As the material is dried and deagglomerated into discrete particles, the process ensures maximum thermal efficiency—even with moisture specifications as low as 0.1%. Since zirconium silicate is extremely abrasive, and maintaining a white color is critical for end-product quality, this particular flash dryer was lined with 1-in. alumina tiles—a design option that greatly extends the life of the dryer while ensuring product purity.
Talc Powder. Dry talc is a slippery, soft material (Mohs scale hardness of 1) that has two surfaces in its structure—one is hydrophobic and organophilic, and the other is hydrophilic and organophobic. Although talc is not heat-sensitive, wet talc cake will retain moisture. Clumped or agglomerated talc particles will stick together if steps are not taken to deagglomerate during drying.
After months of testing and evaluating various talc-processing dryers, one company determined that the most energy-efficient dryer was a toroidal (or doughnut)-shaped, closed-loop flash dryer. The closed-loop dryer was found to be twice as efficient as the straight-through dryer. In addition, the new unit dried and completely deagglomerated the product. Size reduction was also achieved through the high circulation velocity within the small, closed-loop body. The size of the unit also meant it would require less space compared to other processing equipment.
Installation of the new toroidal-shaped flash dryer system increased talc production capacity at this facility by about 20% due to better thermal efficiency. Using a specially designed heat recovery system also meant that less operator attention was required. With the flash dryer, the operation is now more stable with smaller temperature fluctuations.
Iron Oxides. Rotary kiln dryers are often used for drying and calcining iron oxides. However, this process can cause moisture to be trapped in the material, turning it into hard, lumpy masses. These masses can get very large in size, and additional milling or screening procedures are typically required to deagglomerate the material once it is dry. Additionally, when material is calcined in a rotary kiln, there is often a delayed response to any process changes.
Flash dryers, on the other hand, produce discrete, fine particles without the need for additional milling. A two-unit flash drying system is typically used, with the dryers arranged in a series. The first dryer is used to process the wet, yellow oxide cake with initial moisture of 40% to a deagglomerated yellow powder with 10% bound moisture. The second dryer calcines the yellow powder into a fine, red powder containing less than 1% water. Drying temperatures run from an inlet of 800F to an outlet of 210F, while calcining temperatures run from an inlet of 1300F to an outlet of 750F. When calcining in a flash dryer, any process changes are immediately visible in the material, so no time is wasted on trial and error.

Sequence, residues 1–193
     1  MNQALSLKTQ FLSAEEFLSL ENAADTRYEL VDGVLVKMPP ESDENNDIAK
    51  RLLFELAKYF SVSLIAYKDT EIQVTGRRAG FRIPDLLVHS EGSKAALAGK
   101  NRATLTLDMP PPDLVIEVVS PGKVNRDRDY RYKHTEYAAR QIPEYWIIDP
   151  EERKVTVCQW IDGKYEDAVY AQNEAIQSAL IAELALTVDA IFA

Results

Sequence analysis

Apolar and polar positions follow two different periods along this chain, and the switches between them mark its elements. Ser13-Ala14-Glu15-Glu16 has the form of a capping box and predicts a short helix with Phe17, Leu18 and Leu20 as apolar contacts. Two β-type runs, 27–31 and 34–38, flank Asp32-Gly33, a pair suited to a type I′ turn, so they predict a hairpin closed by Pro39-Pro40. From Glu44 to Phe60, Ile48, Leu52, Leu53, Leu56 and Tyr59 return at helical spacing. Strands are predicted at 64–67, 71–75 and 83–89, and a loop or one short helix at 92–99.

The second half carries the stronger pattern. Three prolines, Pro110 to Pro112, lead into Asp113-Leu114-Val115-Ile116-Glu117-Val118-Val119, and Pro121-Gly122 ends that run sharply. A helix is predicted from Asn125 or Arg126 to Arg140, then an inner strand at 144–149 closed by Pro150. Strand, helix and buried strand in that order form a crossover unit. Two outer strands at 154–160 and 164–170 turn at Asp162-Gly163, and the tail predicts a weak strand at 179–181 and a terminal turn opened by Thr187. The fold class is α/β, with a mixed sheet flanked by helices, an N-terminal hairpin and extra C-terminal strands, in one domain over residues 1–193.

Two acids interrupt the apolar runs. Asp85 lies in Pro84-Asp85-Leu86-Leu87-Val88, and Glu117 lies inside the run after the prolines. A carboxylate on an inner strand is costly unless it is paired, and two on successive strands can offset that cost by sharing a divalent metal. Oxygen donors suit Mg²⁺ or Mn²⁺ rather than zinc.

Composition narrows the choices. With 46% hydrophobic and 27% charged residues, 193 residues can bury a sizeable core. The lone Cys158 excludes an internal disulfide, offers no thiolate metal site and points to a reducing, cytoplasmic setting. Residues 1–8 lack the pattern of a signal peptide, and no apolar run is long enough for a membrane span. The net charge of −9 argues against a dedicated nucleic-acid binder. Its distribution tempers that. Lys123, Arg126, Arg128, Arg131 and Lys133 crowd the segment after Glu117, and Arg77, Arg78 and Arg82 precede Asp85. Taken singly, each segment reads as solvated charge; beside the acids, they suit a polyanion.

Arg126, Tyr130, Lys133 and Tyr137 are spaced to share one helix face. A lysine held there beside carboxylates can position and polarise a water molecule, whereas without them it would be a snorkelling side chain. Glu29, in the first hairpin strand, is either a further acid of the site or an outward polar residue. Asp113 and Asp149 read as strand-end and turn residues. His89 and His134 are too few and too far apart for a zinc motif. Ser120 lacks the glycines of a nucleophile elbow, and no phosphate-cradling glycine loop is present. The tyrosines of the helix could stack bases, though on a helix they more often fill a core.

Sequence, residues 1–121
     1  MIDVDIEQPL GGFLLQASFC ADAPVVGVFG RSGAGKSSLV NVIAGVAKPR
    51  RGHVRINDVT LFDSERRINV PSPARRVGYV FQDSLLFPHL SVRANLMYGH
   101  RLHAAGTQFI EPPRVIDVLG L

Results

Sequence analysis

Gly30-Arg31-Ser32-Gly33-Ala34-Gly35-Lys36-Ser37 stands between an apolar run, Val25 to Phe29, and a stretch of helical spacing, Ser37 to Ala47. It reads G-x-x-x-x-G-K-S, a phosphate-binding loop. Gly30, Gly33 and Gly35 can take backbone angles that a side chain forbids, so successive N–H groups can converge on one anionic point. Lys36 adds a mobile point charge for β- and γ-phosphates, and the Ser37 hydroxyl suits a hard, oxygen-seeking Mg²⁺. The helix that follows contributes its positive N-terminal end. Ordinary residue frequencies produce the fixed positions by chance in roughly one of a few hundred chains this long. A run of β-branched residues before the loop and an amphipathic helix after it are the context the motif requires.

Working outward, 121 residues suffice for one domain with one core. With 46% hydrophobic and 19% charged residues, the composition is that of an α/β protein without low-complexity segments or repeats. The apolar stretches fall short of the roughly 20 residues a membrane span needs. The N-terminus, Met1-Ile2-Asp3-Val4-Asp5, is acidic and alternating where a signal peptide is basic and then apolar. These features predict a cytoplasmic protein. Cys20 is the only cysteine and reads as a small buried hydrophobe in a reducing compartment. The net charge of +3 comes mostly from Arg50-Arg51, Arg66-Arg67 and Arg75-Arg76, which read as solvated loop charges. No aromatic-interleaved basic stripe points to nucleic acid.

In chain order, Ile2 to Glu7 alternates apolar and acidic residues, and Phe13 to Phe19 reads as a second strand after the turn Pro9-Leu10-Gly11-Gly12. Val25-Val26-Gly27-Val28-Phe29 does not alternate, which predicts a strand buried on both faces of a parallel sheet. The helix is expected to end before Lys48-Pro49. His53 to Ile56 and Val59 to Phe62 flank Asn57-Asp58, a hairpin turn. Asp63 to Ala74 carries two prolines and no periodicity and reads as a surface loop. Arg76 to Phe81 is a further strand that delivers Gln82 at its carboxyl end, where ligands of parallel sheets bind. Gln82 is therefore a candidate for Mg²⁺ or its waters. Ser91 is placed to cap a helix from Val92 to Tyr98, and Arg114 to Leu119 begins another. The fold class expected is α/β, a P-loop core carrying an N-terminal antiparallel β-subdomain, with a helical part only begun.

Silicates. Silicates can be very difficult to dry. They are also very abrasive and tend to quickly wear down moving parts in conventional dryers. With a flash dryer, high pressures are used to achieve size reduction in addition to deagglomeration during the drying process. Wet caked silicate having an initial moisture content of 35 to 65% can easily be reduced to 5 and 20%. In fact, final particle sizes of 95% at < 10 microns can easily be achieved. Additionally, the systems have no moving parts, so maintenance is very low. And ceramic or metallurgical coatings can be used to provide even more abrasion resistance to the dryers’ internal surfaces.
Other ceramic materials can also be efficiently dried in a flash dryer, including alumina slurries. The systems have also been proven in drying such difficult materials such as food, municipal sludge and agricultural chemicals.
Flash Drying BenefitsDrying difficult materials is a key part of many ceramic manufacturing operations—but it doesn’t have to be time-consuming and problematic. By using a flash dryer, manufacturers can eliminate the need for additional milling by simultaneously drying and deagglomerating their material into fine, free-flowing, discrete powder. Flash dryers also prevent thermal degradation of the product through shorter heat cycles, minimize maintenance requirements due to the lack of internal moving parts, and maintain product purity by using air deagglomeration instead of mechanical methods.
For More InformationFor more information about flash drying, contact Fluid Energy Processing & Equipment Co., Corporate Sales & Marketing, 4300 Bethlehem Pike, Telford, PA 18969; (215) 721-8990; fax (215) 721-2355; e-mail a href="mailto:email@example.com">firstname.lastname@example.org; or visit www.fluidenergype.com.
*The ThermaJet™ system, designed by Fluid Energy Processing and Equipment Co., Telford, Pa.